President Volodymyr Zelenskiy spokesperson Iuliia Mendel posted a blog on the Atlantic Council’s website at the weekend claiming that Ukraine has launched a major de-oligarchisation campaign. But is the campaign for real, as there are conflicting signals coming out of Kyiv, and Zelenskiy’s relations with the oligarchs remain far from clear.
“The rise of Ukraine’s oligarch class dates back to the early 1990s, when a select few were able to acquire enormous wealth during the privatisations that followed the collapse of the USSR. This small group of billionaires then used their personal fortunes to build media empires and establish networks of influence extending deep into Ukraine’s political structures, judiciary and state organs. They have remained in this dominant position ever since,” Mendel said.
“Ukraine’s oligarchic system has proved highly resilient, outliving numerous governments and coming through the turbulence of two separate post-Soviet revolutions more or less intact. Each successive drive to change the system has resulted in innovative new ways to maintain the unfair advantages and artificial monopolies that form the foundation stones of the oligarchic economic system. The overwhelming might of the oligarchs has kept Ukraine trapped in an obsolete and dysfunctional past while preventing the country from reaching its true potential,” Mendel concluded.
As bne IntelliNews highlighted in a recent op-ed, “The Oligarch Problem” is probably the major issue facing not only Ukraine, but all of the countries of the Former Soviet Union (FSU). Only this weekend it was reported that Georgian oligarch Bidzina Ivanishvili’s son had “ordered” security forces to question people that had criticised him on social media, leading commentators to say the Georgian government has been completely captured by the Ivanishvili family. Russia has its own oligarch problem, but there, Russian President Vladimir Putin has pushed out the oligarchs that lorded it under former President Boris Yeltsin and replaced them with stoligarchs – state-sponsored oligarchs that are personally close to Putin.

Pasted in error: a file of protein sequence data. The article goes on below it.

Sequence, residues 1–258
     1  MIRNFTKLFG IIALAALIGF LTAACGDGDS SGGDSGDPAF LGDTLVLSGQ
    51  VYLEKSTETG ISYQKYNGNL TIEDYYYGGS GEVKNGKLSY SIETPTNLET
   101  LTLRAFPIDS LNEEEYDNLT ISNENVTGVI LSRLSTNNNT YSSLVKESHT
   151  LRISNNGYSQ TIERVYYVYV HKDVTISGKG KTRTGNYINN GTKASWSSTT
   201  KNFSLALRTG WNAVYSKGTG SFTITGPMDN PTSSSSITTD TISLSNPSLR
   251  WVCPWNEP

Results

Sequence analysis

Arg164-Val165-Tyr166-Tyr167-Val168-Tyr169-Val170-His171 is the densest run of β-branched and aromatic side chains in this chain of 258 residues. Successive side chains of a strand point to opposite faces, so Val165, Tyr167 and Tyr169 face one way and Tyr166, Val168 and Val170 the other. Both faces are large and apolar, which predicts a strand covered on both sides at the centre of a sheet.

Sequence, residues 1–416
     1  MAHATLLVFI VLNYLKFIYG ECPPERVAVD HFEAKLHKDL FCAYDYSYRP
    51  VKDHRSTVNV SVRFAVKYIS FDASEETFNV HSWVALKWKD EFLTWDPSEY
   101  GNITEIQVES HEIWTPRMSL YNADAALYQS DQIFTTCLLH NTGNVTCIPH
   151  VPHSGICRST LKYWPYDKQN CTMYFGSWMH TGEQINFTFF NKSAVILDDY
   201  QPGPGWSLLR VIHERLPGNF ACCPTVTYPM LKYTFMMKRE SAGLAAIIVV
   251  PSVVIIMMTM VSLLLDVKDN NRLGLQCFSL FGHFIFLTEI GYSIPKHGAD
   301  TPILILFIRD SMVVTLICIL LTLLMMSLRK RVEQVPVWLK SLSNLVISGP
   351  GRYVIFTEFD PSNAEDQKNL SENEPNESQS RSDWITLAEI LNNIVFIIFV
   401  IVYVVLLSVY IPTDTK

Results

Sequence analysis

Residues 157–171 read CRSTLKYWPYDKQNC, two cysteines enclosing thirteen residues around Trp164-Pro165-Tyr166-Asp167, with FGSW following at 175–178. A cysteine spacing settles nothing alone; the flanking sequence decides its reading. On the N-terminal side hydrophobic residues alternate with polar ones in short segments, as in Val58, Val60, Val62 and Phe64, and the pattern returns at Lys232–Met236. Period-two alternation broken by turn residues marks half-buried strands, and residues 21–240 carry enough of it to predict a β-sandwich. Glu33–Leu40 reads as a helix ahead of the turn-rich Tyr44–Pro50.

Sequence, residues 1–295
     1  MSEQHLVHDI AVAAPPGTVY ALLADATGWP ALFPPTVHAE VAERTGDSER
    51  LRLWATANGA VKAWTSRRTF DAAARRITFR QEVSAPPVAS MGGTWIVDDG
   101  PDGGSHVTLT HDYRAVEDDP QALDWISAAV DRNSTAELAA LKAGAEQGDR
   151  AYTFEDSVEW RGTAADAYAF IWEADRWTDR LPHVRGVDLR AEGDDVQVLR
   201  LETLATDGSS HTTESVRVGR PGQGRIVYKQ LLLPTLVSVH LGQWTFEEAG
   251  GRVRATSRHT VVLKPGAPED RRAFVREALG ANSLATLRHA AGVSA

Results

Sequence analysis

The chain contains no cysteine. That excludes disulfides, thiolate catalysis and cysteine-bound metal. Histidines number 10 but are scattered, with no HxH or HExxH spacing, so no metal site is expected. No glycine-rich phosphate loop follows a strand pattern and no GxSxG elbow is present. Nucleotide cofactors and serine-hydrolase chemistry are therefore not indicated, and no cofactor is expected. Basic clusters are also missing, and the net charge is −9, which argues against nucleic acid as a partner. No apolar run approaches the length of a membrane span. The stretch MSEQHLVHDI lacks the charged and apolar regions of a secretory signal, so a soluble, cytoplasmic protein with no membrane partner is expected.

In Ukraine one oligarch in particular has caused the most problems: Ihor Kolomoisky, who is credited with putting Zelenskiy into office in April 2019 by using his media empire to back him. However, the relationship between the oligarch and the comedian-turned-politician remains unclear. The two men knew each other well before the presidential elections and have done business together. Zelenskiy continues to earn royalties from the broadcasting of his comedy shows on Kolomoisky TV channels and also from rights sold to Russian TV stations.
Zelenskiy has also held controversial meetings with Kolomoisky where they discussed the development of Ukraine’s business, although few details were released. However, most controversially of all, Kolomoisky is accused of looting $5.5bn from his bank PrivatBank, which was nationalised in 2016 when former President Petro Poroshenko was in charge. Kolomoisky remained in exile in Israel for all of Poroshenko’s term in office, but returned as soon as Zelenskiy was elected. No charges have been brought against Kolomoisky, nor has any investigation been launched despite very strong evidence showing that the managers of PrivatBank emptied the deposits accounts of cash, as bne IntelliNews reported in a cover story in November 2016 “Privat investigations” that triggered the NBU’s investigation into PrivatBank’s books.
That seems to have changed now.
“Ukrainian officials announced in late February that three former top managers at the country’s biggest bank, Privatbank, are now suspects in a $5.5bn fraud case at the heart of Ukraine’s oligarch politics. One of these suspects was detained while attempting to leave the country. The news generated considerable international attention and was widely seen as an indication that the high-profile investigation may finally be gaining momentum,” Mendel said. “The Privatbank case has long served as a symbol of oligarch impunity. Progress towards justice would be seen as a major breakthrough for Ukraine.”